How to be a Ruby Mentor

How to be a Ruby Mentor

Presented at Ruby Nation 2013

We all know and love Ruby, but there is a large target audience of new programers who haven't discovered it yet. As experts in Ruby, we need to be able to mentor a new thriving generation of Ruby programmers. Most of us are familiar with the push the past few years for everyone to learn programming (even Mayor Bloomberg got in on the action!)

In this talk, Rachel will discuss how experienced developers can better approach newcomers and create a better community. The talk will cover the different motivations that novices come into her classroom with and how to best approach questions from rookies. With a better understanding of how people learn and how to teach, we have better tools to equip ourselves and as a side-effect, improve our own understanding of a programming concept through the fresh eyes of someone new to Ruby. The goal is to create a welcoming and thus more effective learning environment, be it in a classroom, the office, a meet up, or online.


Rachel Ober

June 14, 2013


  1. 7.
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    Benefits for Students • Shorter time to “ramp up” •

    Learn best practices • Resource to bounce questions • Real world advice
  4. 30.

    Benefits for Mentors • Discover gaps in knowledge • Reexamine

    tools you use every day • Bringing new people in to the community • Paying it forward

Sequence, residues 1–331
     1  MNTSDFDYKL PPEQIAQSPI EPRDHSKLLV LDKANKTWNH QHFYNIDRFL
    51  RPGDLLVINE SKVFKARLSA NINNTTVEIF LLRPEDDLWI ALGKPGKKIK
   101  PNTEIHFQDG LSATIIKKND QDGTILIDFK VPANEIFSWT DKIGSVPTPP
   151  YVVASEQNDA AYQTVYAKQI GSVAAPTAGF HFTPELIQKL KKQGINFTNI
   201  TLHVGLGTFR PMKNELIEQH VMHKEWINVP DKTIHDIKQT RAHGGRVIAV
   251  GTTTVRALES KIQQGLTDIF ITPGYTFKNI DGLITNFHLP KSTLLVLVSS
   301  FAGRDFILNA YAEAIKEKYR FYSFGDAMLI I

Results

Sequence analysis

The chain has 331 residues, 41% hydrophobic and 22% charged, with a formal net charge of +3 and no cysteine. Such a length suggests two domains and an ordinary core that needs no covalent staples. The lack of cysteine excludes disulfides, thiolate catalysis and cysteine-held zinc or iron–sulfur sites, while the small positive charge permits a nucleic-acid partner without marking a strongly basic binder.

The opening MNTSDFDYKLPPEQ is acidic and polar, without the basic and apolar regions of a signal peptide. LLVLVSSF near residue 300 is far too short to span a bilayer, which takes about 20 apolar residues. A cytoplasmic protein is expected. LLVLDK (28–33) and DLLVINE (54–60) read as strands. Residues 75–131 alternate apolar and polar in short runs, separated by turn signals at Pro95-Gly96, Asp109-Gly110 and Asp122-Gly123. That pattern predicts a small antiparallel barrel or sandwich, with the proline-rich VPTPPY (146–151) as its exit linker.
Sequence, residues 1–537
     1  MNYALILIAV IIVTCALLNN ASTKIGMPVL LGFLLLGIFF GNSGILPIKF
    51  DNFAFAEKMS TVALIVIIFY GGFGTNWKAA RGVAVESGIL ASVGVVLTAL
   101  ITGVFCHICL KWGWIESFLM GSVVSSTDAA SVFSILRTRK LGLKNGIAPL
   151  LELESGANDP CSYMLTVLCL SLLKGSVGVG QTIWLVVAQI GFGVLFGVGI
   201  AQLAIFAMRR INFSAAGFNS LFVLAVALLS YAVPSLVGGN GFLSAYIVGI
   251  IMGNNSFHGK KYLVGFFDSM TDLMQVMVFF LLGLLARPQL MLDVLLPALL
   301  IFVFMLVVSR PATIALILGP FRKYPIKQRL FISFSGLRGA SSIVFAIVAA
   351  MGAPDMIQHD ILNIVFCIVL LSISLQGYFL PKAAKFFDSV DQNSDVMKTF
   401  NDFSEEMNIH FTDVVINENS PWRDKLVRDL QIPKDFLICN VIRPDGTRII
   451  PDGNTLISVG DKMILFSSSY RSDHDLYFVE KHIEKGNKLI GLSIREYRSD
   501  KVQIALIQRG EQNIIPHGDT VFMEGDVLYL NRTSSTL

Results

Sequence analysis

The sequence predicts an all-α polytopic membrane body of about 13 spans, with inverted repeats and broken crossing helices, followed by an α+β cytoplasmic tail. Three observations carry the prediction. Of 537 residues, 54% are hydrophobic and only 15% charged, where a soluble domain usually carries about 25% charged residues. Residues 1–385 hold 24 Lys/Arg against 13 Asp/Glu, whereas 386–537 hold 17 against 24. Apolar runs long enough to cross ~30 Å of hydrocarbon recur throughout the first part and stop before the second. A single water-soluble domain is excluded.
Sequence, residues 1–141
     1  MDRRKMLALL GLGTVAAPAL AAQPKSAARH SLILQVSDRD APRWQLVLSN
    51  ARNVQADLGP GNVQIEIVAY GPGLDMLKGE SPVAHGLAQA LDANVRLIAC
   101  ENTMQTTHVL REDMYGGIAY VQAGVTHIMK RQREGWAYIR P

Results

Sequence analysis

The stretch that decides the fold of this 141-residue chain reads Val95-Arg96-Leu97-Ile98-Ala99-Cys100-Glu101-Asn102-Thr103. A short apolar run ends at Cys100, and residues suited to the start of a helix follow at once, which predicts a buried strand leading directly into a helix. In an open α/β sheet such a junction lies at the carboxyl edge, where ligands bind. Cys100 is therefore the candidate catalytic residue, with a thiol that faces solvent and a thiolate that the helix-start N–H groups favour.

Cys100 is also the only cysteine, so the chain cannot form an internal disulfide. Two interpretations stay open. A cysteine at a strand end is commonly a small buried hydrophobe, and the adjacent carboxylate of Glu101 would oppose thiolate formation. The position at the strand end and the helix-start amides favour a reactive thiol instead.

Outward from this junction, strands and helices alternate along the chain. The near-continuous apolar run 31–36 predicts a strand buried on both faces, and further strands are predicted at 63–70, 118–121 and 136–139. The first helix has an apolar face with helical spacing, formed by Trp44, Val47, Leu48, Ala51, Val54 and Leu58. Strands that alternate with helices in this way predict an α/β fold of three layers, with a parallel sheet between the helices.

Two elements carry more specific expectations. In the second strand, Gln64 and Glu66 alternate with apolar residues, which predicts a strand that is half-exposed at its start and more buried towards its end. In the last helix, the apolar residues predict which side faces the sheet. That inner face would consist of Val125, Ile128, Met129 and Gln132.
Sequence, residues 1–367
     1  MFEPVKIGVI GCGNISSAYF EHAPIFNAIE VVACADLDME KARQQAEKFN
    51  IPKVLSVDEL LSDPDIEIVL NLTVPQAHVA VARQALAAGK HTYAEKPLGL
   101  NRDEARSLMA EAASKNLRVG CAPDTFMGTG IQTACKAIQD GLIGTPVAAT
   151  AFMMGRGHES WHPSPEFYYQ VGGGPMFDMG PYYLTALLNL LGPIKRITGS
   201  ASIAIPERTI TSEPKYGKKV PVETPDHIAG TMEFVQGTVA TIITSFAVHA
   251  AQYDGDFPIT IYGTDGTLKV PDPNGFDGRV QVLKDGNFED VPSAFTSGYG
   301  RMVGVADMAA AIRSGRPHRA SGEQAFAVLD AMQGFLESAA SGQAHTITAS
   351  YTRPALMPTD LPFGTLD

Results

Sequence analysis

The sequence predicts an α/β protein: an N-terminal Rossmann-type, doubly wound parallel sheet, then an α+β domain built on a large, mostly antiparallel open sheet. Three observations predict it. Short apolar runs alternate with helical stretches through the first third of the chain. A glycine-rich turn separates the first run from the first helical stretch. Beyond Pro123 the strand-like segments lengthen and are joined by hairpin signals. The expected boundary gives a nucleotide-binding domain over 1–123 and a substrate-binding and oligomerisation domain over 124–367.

5. 31.

    Benefits for Companies • Helps recruitment • Overcome learning curves

    • Rejuvenates employees • Encourages personal growth
  6. 39.
  7. 42.

    Soon they won't have to rely on you and will

    know how to search for things by themselves.
  8. 45.

    “Assume that anyone you're teaching to has zero knowledge but

    infinite intelligence.” - Railsbridge Teacher Training
  9. 46.

    “I tried to make people enjoy programming and concentrate on

    the fun and creative part of programming when they use Ruby.” - Yukihiro Matsumoto
  10. 48.
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  12. 65.

    “I’m a parent who wants to keep track of my

    kids’ activities but I don’t like the software available.”
  13. 66.

    “I have a business. I want to make a prototype

    so I can hire someone else to complete it.”
  14. 67.

    “I am a product manager and I want to have

    better conversations with developers.”